The rabbinate is actually doing its best to not impose at all. There are many tithes separated from produce in Israel and the rabbinate, in certifying that given produce is kosher (if requested to do so by the grower), only removes those tithes which cannot be eaten nowadays, namely, Terumah Gedolah and Terumat Maaser (totaling about 1% of the crop), plus in years 1,2,4,5 of the Shemitta cycle, there is 10% of the crop (called Maaser Sheni) whose value is redeemed onto a small coin before becoming edible.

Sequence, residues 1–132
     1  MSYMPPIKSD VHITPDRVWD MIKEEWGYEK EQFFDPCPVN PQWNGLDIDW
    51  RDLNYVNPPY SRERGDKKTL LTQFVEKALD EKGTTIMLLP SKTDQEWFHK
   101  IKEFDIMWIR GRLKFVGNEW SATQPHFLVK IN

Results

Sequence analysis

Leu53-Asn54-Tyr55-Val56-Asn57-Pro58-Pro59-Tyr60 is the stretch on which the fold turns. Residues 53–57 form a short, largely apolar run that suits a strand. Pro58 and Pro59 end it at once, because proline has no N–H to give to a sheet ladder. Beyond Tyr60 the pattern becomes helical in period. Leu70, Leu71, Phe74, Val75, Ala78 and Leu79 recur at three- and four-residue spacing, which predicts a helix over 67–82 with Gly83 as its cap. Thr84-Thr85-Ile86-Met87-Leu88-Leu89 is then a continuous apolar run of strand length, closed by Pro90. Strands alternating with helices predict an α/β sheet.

There remains 10% of the crop (called Maaser Rishon) which should ideally be given to a Levi, and, in years 3 and 6 of the Shemitta cycle, there is 10% of the crop (called Maaser Ani) which must be given to the poor. The rabbinate does not enforce this and many growers regularly, unfortunately, steal this from the poor. There is no holiness attached to that produce, so the food in the market is still Kosher to eat.
So to answer your question: yes there are tithes that need to be given to the poor, but the rabbinate generally does not impose this and it usually ends up getting stolen back by the grower :(